Many job applicants struggle with the question, “How far back should a
After all, the established standard is that a
Not to mention that it is strongly recommended to craft a different
How far back should a
At MatchBuilt, we’ve counseled thousands of job seekers and have supported hundreds of clients as they progress through the hiring process. We know the importance of getting all the details right when submitting a solid
How do you write a
- Highlight only relevant skills and experience
- Organize it chronologically
- Be concise
- Showcase education
- Tailor it to each job
- Use action-oriented words
- Double-check for accuracy
- Seek assistance
- Be proud of accomplishments
In this post, we’ll explore how many years of experience you should add, why older experience may be unnecessary, if you should include your college and high school in the education section, what bullet points for previous roles are the most appropriate, and how to avoid age discrimination. Even if you are a recent graduate with a short work history or seeking an entry-level position or part or full-time job, you may find many of these tips helpful.
Why You Should Not Include Your Full Work History In Your R
When writing a
It’s More Difficult to Scan
First, including too much information in a single document makes it difficult for recruiters and employers to assess your qualifications quickly. Further, adding more content, such as every single job title, than necessary can make the
Allows Less Room to Showcase Other Skills
Secondly, including your entire work history may take up more space than necessary, leaving less room to showcase other essential qualifications, such as certifications or awards. Thus, it is wise only to include jobs relevant to the position you are applying for and omit those that are not.
It’s More Difficult to Provide Relevant Information to the Job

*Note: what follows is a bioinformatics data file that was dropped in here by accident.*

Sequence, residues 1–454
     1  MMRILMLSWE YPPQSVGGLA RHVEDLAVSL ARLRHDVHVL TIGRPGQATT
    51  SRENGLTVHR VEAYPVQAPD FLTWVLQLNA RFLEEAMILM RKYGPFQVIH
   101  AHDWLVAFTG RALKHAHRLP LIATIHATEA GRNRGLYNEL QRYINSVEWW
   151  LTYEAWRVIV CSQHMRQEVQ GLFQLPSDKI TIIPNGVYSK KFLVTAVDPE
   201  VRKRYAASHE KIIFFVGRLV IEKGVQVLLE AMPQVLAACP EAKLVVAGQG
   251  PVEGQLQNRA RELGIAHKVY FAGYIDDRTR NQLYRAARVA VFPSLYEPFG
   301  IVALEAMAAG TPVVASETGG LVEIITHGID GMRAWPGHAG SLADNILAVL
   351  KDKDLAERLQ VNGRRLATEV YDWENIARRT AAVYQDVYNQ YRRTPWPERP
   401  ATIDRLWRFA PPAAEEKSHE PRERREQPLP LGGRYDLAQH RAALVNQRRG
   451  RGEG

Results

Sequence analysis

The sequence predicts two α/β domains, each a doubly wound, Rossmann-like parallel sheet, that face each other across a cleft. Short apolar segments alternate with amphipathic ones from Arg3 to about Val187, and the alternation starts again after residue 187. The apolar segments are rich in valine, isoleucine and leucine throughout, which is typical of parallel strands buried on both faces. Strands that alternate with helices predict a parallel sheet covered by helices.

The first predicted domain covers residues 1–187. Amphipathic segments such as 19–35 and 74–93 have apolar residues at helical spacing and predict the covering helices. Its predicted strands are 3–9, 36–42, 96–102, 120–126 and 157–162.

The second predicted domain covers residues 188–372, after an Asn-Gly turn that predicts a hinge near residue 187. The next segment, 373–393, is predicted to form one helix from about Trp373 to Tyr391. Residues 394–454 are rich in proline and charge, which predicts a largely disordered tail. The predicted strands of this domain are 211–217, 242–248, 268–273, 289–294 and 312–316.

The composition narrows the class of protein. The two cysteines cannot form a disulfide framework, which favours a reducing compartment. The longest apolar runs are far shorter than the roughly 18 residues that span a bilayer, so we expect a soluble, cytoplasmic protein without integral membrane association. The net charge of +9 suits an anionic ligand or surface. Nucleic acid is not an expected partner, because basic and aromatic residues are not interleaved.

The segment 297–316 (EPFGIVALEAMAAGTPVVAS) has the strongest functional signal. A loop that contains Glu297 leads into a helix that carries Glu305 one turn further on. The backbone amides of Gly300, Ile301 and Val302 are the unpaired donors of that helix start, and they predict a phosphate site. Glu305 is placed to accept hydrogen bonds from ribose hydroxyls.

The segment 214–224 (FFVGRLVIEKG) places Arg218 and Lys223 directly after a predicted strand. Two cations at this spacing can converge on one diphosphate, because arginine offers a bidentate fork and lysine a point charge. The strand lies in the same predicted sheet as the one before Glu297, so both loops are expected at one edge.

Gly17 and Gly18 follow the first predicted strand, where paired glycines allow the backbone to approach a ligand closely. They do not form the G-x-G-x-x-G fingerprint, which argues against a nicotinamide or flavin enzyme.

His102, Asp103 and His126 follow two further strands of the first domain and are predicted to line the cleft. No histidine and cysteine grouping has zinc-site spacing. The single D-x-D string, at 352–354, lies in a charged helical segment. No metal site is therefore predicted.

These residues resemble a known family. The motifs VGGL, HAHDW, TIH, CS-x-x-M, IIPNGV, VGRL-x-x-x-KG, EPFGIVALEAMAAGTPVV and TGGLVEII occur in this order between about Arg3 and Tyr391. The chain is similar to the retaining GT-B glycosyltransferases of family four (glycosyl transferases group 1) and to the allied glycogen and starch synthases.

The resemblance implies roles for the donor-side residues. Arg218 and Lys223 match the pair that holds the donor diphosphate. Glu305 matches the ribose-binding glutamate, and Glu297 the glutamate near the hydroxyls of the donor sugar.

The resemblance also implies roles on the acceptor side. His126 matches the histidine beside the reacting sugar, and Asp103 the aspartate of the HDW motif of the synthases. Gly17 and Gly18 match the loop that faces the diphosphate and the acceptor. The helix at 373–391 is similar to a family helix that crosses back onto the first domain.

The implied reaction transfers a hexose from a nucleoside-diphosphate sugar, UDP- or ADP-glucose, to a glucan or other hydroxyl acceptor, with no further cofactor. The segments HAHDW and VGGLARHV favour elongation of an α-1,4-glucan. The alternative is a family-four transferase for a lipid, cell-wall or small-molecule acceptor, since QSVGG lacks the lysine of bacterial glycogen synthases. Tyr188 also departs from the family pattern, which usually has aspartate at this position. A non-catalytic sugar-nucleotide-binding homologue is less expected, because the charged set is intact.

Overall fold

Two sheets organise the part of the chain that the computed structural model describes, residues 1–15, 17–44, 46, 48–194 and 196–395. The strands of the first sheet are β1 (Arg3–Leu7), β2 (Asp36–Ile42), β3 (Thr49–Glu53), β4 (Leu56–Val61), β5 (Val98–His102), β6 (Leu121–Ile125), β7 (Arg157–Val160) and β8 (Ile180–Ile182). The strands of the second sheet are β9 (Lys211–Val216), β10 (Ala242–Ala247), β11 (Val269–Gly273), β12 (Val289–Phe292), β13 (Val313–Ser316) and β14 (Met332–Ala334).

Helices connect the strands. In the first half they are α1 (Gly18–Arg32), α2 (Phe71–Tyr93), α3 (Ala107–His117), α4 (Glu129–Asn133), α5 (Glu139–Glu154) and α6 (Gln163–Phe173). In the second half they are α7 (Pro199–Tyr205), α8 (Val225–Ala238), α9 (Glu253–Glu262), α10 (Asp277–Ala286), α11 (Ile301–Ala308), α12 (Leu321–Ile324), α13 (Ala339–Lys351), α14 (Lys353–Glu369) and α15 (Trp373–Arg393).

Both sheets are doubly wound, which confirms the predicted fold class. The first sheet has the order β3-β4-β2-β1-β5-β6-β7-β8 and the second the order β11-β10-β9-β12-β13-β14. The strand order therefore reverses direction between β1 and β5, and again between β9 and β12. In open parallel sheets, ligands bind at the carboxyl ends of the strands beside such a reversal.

Finally, listing out all of your previous jobs can make it harder to focus on where you want to go with your career. If a hiring manager sees that you’ve held various positions, they may doubt your commitment and ability to stay in one place for an extended period. It is much more effective to tailor your
Which jobs should you include on your
It’s essential to consider several factors when deciding how far back your CV should go and which jobs to include. Your experience level, specific industry, and whether you are applying for a similar position could influence the information contained in the
Regarding workers with long careers, experts recommend limiting the work history to the past 10-15 years and a maximum of 5 or 6 positions within that time frame. Doing so will ensure that recruiters can immediately see the most relevant qualifications of the candidate without having to pick them out from an extensive list of less essential past jobs.
However, as is typically the case, some exceptions might apply. For example, job candidates who wish to start a career in a drastically different field may need more recent work experiences that match the chosen position. Instead, including previous jobs might be a better choice if they match the requirements of the new field.
The same applies when the candidate returns to an industry where they have previously held job positions, even if it exceeds the mentioned 15 years limit. The level of the job position also matters as applicants for a senior or a higher management position may have to provide a longer list of past experiences and successes. Some government or civil service roles may also require entire work history from candidates, including all held positions since they finished their full-time education.
Ways To Include Older Career Experience
If you wish to include the entirety of your professional experience, there are several ways to do so while highlighting the more recent and relevant ones. One potential option is to create two separate sections in the CV.
The first and main one should be for the jobs that match the position you are applying for, while all other previous jobs should be listed in another section. Doing so allows employers to still easily find the experiences containing the skills essential for the position and then have the opportunity to familiarize themselves with the candidate’s earlier employment.
You can also use different colors, fonts, text sizes, and other visual elements to distinguish between job experiences that relate to the new role while still listing all of your past jobs in reverse chronological order.
Jobs You May Exclude On Your
In general, the